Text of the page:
The operation began at roughly 2:30 p.m., about the same time some ominous looking storm clouds drifted over Deadwood, producing staccato rain the rest of the afternoon. Dercievich sawed free rectangular sections of the old wooden siding and then carefully removed them with pry bars while Clements pumped smoke into the hive to calm its tens of thousands of residents.
When bees encounter smoke they begin eating their honey voraciously, filling up with as much as they can in case they have to move the colony to escape a potential fire, Clements said. This keeps the bees occupied, which in turn keeps them from stinging.
With each section of siding removed, Clements exchanged his smoker for his modified shop vacuum, gently but effectively sucking great swaths of bees into the screened bucket. With each layer of honeycomb de-bee’d, Clements cut away that waxy section and handed it down to his daughter, who placed the combs (and all of the honey within) in white plastic trash bags for safekeeping. Clements would then switch back to the vacuum to collect the next pulsing layer of bees.
It went on like that for three hours. By about 5:30 p.m., the bee rescue team had removed the brunt of the roughly 6-foot by 3-foot hive, the vast majority of its residents – which Clements estimated at about 70,000 bees – and most of the honey. The team was also fairly certain they’d captured the queen.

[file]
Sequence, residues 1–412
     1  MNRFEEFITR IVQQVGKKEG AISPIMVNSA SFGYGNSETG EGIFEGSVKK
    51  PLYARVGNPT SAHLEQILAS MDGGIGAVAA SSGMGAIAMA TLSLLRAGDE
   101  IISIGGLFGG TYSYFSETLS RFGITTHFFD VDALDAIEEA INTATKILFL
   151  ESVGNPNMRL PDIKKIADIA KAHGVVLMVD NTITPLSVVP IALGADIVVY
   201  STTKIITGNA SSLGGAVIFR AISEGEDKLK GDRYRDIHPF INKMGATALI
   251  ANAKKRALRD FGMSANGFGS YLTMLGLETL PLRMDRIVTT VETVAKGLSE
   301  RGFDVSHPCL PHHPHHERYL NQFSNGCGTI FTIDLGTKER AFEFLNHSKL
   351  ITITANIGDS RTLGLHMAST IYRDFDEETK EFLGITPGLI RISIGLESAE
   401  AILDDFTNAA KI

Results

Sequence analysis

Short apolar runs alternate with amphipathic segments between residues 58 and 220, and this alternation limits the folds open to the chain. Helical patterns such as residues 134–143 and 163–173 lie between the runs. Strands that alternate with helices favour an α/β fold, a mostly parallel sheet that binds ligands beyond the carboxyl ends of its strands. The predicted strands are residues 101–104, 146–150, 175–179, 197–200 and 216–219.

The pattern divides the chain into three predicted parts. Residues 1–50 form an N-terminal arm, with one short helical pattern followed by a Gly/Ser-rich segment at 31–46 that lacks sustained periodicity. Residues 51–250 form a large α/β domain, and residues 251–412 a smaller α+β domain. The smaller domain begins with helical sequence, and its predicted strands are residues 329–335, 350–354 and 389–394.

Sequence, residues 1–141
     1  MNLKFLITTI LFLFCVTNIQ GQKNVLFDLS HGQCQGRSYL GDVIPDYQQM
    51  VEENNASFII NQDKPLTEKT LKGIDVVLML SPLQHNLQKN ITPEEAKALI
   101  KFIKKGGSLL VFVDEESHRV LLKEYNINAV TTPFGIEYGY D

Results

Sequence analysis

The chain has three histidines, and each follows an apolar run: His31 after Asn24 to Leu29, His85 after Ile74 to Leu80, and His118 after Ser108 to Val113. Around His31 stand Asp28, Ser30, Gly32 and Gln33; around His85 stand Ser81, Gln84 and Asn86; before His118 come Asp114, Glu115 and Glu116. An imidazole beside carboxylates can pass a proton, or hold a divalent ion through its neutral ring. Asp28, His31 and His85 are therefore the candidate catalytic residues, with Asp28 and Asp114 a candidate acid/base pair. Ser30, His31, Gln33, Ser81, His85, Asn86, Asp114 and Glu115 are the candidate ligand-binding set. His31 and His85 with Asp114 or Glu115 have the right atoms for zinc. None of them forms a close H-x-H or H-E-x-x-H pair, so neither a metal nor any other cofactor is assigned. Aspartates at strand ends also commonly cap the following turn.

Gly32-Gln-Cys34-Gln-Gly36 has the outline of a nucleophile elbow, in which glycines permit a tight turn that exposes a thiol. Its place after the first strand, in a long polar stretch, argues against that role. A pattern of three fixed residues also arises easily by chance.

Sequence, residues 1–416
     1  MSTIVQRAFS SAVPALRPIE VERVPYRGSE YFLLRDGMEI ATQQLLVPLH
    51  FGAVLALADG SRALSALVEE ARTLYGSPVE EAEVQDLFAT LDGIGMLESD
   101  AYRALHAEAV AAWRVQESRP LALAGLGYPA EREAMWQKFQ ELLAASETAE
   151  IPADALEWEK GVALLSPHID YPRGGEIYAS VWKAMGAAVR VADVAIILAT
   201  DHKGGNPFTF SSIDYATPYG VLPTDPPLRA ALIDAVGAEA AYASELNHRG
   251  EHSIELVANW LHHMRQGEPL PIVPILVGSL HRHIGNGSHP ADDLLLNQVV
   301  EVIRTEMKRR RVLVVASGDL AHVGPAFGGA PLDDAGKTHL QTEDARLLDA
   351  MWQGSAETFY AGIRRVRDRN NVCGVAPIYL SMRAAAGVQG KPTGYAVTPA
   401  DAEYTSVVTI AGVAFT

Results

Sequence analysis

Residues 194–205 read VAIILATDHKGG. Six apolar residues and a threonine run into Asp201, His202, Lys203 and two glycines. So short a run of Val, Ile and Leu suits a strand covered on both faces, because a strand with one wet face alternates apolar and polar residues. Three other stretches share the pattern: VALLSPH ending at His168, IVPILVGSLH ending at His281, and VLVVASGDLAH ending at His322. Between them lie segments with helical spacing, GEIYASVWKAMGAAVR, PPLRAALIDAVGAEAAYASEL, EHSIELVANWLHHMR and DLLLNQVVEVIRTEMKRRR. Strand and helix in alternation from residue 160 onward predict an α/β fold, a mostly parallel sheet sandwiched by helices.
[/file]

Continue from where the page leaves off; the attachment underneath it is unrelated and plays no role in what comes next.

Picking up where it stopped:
Capturing the queen bee is paramount in relocating a hive. If the queen weren’t captured along with the rest of the bees, the few remaining bees would start to rebuild the hive in the exact same spot, Clements said.
With the job finished, the team placed the several white plastic bags, heavy with honeycomb, bees wax and honey, into a barrel and transferred the bees from the screened bucket to a large cardboard box, which they carefully taped shut to minimize the potential of a bee leak in the back of their car. Clements said no bees got out on the drive home to Piedmont, but that the ride would certainly have been interesting to those that don’t regularly perform hive rescues like he and his fellow beekeeping club members do.
”There was kind of a loud roar (in the car),” he said. ”That cardboard doesn’t seal it (the sound) very well; you’re just kind of hoping that they don’t find a way out.”
As for the honey, Clements has yet to weigh it, but he estimated that they pulled about 100 pounds of it out of the wall of the Smith Apartments. Organic honey like this, once processed, goes for about $8 a pound. Clements processes honey by hand at home, selling the finished product directly to local farmer’s markets.
Clements has been keeping bees, and performing hive rescues, for about four years now, and he says he’s only been stung about 10 times. Each time he was being careless.
”People are just scared of bees, and sometimes when they come across a hive, or a cluster of bees in a tree, they’ll try to kill them with (bug) spray,” he said. ”They aren’t just killing a bunch of stinging insects, they’re killing a whole population that’s really doing a good thing. Bees actually pollinate about a third of our food crops – there’s other pollinators out there, but bees do most of the work.”
Worldwide honeybee populations have been dropping steadily over the past several years – an estimated 31 percent of total worldwide honeybee colonies died in 2012 alone – due to the mysterious colony collapse disorder.
As for the Smith Apartments honeybees, they’re now happily rebuilding their hive on the Clements’ acreage near Piedmont.